In the womb, we get fresh oxygen from our mothers through the placenta. Once we are born, our newborn lungs miraculously take over. Sometimes, however, this transition does not go smoothly, a condition called persistent pulmonary hypertension (PPHN for short). In cases of PPHN, blood does not flow into the baby’s lungs like it should, cutting off the baby’s oxygen supply, a potentially serious – even fatal – birth injury. There are even long-term disabilities that can result from PPHN, which might go undetected for some time.
What is PPHN?
When we are in the womb, our tiny fetal lungs do not play a role in breathing or circulation. We get fresh, oxygen-rich blood from our mothers through the placenta. Our circulatory system takes a route that bypasses our lungs, which are full of fluid at this time and not yet functioning. When we are born, the circulatory system reroutes the blood flow into our own lungs for fresh air, the fluid is expelled, and our own lungs take over.
For reasons that are not fully understood, this transfer does not always happen properly, and our circulation continues to bypass our newborn lungs and flow like it did in the womb. As a result, the lungs do not function fully if at all. This is PPHN. Without fresh air from the placenta or the baby’s lungs, there is a risk of respiratory failure, which can be fatal, or it can cause damage to the newborn’s vital organs, which desperately need oxygen. Even short periods without good circulation can cause significant organ damage.
The most serious risk is multi-organ damage due to oxygen deprivation. Severe respiratory failure can occur, which can be fatal. Some cases are fairly mild, but persistent cases of PPHN can require intensive care. Over recent decades, medicine has made advancements in managing PPHN, but the mortality rate still remains approximately 10% for moderate to severe cases of PPHN. There are also potential long-term effects of PPHN that may not be apparent until families have left the hospital. According to the National Institutes of Health, “studies identified a significant risk of hearing loss and neuro-developmental impairments among survivors of PPHN. Late onset hearing loss has been identified in infants that initially pass their hearing screen prior to discharge from the NICU.”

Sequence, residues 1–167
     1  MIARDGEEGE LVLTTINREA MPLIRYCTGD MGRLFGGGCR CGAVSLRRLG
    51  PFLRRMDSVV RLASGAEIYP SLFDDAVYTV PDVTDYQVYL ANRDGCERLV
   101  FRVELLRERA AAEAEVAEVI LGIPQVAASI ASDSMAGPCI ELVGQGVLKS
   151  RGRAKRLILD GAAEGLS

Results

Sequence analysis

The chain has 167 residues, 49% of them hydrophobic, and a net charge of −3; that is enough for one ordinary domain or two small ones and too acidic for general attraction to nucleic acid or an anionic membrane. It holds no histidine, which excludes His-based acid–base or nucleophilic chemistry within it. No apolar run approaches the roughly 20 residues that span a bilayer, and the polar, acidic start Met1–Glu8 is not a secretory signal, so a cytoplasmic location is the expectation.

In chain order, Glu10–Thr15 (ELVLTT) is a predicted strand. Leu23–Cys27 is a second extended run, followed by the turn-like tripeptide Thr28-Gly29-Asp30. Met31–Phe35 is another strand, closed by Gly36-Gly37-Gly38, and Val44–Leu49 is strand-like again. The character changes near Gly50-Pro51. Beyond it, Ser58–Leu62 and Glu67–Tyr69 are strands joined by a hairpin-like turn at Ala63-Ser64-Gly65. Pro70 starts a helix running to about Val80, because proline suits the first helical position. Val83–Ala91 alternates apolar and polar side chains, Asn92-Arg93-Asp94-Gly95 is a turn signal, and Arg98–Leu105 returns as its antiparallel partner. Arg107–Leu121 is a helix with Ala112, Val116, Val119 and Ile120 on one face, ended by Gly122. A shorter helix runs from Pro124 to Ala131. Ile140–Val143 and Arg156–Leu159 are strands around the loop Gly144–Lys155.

Risk Factors for PPHN
According to the National Institutes of Health, PPHN occurs in approximately two of every 1,000 live births. It is most common in full-term babies or babies born after their due dates, but it can occur in premature babies as well. Although the cause of PPHN remains elusive, the main risk factor appears to be when the baby has a congenital pulmonary (lung) disease. Environmental factors and medications might also play a role in the occurrence of PPHN. According to the Archives of Cardiovascular Disease, “Prenatal cigarette smoke has been found to increase the risk of PPHN among premature infants less than 30 weeks gestational age, suggesting a toxic effect on the pulmonary vascular development and maturation.”
Medications Associated with PPHN
The Archives of Cardiovascular Disease also reported associations between PPHN and certain medications given to mothers during pregnancy. These include non-steroidal anti-inflammatory medicines and selective serotonin receptor inhibitors.
Symptoms of PPHN in the Newborn
According to Stanford Children’s Health, the symptoms of PPHN will vary from one child to another, including the following:
- Looks sick at birth or in the first hours after birth
- Lips and skin look blue (cyanosis)
- Fast breathing
- Fast heart rate
- Low blood oxygen levels while getting 100% oxygen
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